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British actor Tom Hiddleston gave a once-in-a-lifetime performance when he hopped on stage in Nashville, Tennessee, on Saturday to sing after a premiere of the Hank Williams biopic, I Saw the Light.
Hiddleston spent months learning how to talk and sing like the iconic country singer for the role in the Sony Pictures Classics film, set for release in March 2016. He surprised guests at an afterparty following the premiere with a short set of Williams’ classics including, “Hey Good Lookin,'” “Why Don’t You Love Me Like You Used To Do,” and “Move It On Over.”
The crowd, which included his co-stars and musicians, clapped and danced along to Hiddleston’s performance at a bar in downtown Nashville, just blocks from the famous Ryman Auditorium. While on stage, Hiddleston cracked jokes in a mix of British and Southern accents and even gave a quick encore.
Actor Bradley Whitford, who plays renowned songwriter and music executive Fred Rose in the film, joked that a Nashville audience might be a tough crowd to please. “In front of dark, cynical, inside musicians, will be quick to jump to judgment? No tension. No anxiety,” Whitford said.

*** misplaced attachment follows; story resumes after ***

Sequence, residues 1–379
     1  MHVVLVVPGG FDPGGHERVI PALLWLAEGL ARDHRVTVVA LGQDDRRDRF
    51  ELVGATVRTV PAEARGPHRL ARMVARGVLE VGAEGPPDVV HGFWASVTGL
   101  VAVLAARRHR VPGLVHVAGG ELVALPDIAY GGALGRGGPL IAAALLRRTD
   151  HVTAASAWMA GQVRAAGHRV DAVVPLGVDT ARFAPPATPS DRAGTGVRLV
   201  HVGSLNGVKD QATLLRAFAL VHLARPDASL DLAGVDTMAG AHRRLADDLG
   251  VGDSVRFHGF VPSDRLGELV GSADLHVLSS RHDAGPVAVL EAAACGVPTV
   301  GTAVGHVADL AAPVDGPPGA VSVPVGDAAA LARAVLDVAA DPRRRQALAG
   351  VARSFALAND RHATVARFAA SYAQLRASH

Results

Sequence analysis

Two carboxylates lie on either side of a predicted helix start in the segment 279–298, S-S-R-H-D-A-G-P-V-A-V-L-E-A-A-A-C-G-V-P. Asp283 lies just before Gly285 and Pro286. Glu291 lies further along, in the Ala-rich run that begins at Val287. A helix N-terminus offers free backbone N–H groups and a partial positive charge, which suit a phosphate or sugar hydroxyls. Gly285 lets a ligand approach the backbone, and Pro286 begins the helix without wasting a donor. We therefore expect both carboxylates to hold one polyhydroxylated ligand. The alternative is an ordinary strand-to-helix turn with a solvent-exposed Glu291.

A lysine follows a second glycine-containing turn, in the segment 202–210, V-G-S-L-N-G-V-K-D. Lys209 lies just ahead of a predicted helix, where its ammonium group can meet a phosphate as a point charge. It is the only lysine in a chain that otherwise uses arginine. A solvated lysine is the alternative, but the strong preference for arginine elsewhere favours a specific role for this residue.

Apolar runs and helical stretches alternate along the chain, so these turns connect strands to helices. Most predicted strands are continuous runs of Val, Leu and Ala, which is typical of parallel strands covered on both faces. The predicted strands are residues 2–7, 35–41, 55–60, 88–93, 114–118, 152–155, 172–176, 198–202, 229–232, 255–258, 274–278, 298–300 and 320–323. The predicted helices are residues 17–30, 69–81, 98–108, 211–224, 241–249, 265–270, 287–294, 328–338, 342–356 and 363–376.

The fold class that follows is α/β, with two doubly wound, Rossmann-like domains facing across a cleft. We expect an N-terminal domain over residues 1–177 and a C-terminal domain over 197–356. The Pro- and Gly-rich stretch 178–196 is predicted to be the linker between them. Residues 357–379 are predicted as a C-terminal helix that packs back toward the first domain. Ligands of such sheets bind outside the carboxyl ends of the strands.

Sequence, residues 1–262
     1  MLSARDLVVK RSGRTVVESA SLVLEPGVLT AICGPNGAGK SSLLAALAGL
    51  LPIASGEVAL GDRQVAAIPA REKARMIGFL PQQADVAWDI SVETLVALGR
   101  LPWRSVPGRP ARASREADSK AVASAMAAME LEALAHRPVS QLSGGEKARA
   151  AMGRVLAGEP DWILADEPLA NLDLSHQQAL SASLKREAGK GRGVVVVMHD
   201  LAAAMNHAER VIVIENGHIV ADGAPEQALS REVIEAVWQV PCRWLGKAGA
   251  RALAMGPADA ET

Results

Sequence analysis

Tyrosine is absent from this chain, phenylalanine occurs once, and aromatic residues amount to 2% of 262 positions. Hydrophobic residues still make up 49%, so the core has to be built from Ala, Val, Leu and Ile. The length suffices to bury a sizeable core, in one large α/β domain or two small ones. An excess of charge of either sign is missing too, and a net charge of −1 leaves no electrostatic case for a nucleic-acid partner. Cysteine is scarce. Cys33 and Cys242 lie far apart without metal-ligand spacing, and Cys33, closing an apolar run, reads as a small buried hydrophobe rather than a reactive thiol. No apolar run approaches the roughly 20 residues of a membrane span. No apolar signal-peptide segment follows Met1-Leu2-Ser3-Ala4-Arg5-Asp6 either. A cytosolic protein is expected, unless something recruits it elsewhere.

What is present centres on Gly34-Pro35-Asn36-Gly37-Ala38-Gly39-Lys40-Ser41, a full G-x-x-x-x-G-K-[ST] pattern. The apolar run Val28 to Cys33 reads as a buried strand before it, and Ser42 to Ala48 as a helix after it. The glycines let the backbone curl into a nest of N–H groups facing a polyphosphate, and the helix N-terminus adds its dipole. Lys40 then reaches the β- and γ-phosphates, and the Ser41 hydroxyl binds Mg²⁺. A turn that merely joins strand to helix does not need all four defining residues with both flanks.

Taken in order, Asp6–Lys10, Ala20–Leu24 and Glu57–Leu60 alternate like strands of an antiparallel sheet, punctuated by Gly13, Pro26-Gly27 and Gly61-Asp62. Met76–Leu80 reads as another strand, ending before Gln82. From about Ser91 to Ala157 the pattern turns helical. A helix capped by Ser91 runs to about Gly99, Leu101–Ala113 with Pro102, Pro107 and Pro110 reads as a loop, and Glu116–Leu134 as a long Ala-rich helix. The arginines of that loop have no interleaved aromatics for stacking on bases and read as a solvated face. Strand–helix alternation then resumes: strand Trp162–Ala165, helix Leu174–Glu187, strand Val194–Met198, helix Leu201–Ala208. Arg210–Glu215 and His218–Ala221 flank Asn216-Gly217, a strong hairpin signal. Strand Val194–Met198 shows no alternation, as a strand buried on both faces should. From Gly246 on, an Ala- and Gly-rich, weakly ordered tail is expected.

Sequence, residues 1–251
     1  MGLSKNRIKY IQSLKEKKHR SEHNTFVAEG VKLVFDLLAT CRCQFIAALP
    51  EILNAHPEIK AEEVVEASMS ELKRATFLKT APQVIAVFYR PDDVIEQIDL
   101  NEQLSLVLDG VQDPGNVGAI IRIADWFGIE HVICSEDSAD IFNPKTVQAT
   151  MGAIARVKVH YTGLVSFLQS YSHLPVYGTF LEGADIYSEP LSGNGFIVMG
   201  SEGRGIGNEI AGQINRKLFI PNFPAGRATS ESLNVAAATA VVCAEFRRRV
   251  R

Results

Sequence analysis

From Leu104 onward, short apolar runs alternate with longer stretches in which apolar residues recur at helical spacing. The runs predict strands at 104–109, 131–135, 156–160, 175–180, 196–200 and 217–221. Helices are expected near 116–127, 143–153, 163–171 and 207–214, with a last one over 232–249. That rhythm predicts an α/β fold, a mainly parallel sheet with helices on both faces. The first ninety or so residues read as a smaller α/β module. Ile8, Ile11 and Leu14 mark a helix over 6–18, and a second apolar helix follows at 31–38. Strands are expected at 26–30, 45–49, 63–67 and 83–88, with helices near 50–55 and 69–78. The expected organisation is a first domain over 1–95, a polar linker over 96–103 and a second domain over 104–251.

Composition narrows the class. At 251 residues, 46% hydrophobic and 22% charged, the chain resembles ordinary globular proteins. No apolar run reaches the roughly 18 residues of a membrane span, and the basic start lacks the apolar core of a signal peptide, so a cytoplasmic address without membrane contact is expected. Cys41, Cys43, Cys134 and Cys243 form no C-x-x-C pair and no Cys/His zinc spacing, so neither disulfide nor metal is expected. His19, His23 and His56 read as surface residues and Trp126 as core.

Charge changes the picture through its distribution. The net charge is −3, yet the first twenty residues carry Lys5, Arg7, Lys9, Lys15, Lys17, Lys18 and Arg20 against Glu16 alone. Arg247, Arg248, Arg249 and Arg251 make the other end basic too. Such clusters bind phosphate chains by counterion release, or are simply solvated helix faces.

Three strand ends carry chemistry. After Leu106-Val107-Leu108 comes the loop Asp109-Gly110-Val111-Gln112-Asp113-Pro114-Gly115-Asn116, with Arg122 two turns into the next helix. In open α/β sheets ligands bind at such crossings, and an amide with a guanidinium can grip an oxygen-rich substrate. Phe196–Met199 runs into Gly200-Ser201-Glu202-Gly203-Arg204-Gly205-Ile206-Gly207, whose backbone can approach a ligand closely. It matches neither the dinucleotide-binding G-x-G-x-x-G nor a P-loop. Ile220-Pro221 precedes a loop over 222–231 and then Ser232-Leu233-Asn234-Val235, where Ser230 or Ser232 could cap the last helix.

Writer/director/producer Marc Abraham said he was nervous about the premiere because of the city’s musical history. “Without Nashville, there is no story,” Abraham said. “And without the people in Nashville that helped me, there is no story. So big deal for me to come down here and present the film to people who know a lot about this subject.”
The movie focuses on Williams’ meteoric rise and fall in the 1940s and ‘50s through the stories of his personal relationships with women, including his mother, his wife Audrey Williams and his second marriage to Billie Jean. He died at the age of 29 in 1953. At the time of his death, his body was wracked by alcohol and drug abuse.
“Hank Williams is someone I think who loved women, but he was also unintentionally cruel to them,” Hiddleston said. “He was a hard man to live with and he was afflicted by so many addictions, so many demons.”
Elizabeth Olsen, who plays Audrey Williams, said the film portrays so many strong women who had a lasting impact on Williams’ songwriting. “He was always surrounded by really formidable women,” Olsen said. “It’s lucky that all of us got to play a different variation of a woman who stands on her own two feet and can stand up to a man who is such an icon like Hank.”
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